Covid-19: Maternity and Parental Leave DebateFull Debate: Read Full Debate
Maria MillerMain Page: Maria Miller (Conservative - Basingstoke)
(1 month, 3 weeks ago)Westminster Hall
It is an honour to follow my hon. Friend the Member for Newcastle upon Tyne North (Catherine McKinnell), and it is a pleasure to speak in this debate on an issue close to my heart, as my son was just four months old when we went down into lockdown in March. We went from having a busy schedule of baby yoga, coffees with other mums, leisurely trips to the park, visits from family—all the things that people do to get through the sleepless nights and caring for a tiny baby—to overnight having no social interaction at all and rarely leaving the house. On top of that, throw home schooling a five-year-old into the mix—holding a baby in a sling or breastfeeding while trying to teach the five-year-old phonics.
For me, being an MP, switching off from work during the pandemic simply was not an option, so when the baby slept, the laptop went on as I dealt with the unprecedented number of emails from constituents. What struck me, though, was that in response to the pandemic, no one in Government seemed to be advocating for the very specific needs of young babies and their families. That matters, because pregnancy and the first few years of a baby’s life are key developmental stages, and adverse experiences and stress during this time can have a long-term impact on a child’s life chances. Sadly, the statistics are clear. The “Babies in Lockdown” report commissioned by the Parent-Infant Foundation found that 68% of parents felt that changes brought about by covid-19 were affecting their unborn baby, baby or young child. The same number also felt that their ability to cope with pregnancy or to care for their baby had been affected by the covid restrictions.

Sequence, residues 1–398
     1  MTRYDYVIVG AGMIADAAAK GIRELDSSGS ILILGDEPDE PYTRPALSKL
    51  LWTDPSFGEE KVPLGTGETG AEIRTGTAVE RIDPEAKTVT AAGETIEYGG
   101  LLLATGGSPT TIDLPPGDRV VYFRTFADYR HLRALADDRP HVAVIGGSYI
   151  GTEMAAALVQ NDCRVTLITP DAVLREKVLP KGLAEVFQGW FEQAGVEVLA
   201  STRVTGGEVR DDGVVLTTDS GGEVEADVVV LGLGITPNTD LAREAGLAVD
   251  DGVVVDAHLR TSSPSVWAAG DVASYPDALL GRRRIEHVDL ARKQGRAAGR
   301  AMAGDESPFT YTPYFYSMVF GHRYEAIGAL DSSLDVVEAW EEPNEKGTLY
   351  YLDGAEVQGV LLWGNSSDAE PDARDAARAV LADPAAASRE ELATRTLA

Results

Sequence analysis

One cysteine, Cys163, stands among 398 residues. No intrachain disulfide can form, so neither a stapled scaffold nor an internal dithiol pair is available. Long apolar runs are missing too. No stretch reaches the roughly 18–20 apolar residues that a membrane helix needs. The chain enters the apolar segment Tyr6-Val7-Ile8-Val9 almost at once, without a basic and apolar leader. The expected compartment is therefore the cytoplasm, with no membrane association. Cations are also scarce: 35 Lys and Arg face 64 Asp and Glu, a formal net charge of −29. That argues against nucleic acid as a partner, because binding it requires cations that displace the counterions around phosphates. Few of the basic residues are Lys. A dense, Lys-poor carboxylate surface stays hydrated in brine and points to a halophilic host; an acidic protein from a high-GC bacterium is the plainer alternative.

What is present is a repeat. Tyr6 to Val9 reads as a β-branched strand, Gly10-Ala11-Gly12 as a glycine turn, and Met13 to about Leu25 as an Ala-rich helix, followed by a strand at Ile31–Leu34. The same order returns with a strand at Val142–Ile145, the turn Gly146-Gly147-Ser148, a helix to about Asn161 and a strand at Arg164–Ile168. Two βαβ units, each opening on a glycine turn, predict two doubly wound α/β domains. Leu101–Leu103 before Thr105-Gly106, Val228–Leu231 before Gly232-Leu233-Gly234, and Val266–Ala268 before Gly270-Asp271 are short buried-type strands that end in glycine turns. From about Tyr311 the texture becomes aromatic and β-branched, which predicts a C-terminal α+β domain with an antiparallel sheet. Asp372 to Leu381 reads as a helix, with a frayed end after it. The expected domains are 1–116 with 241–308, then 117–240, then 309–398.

I spoke to some mums from my constituency ahead of the debate, and I want to use the debate as an opportunity to give them a voice. Nic told me:
“Being a new mum, I worry I am not doing enough for my daughter, and also making sure she is eating enough. As the midwife drop-in centres have been closed, I have been unable to weigh her or be able to speak to a midwife or health visitor face to face. That has been a real worry for me.”
“My biggest challenge was feeling isolated at home, trying to look after a baby and a toddler without much support. I felt overwhelmed and alone, so I would have loved some support with childcare from other family members.”
Louisa told me:
“I feel like coronavirus has stolen my maternity leave. The first few months of a baby’s life are about trying to adjust and to get to know your newborn. We had only been going to activities for a few weeks before the support network disappeared overnight. From March until September, my daughter did not meet or engage with other babies. I go back to work in December, and I am already worried about how my daughter will settle into nursery due to her lack of interaction with other adults or babies.”
I also spoke to two mums who gave birth during lockdown. Sophie said:
“I spent four days in hospital on my own after the birth of my first child. I was struggling to establish breastfeeding and felt incredibly isolated. My baby had tongue-tie, but because of covid, the waiting list to get it sorted was six weeks, so we had to pay privately.”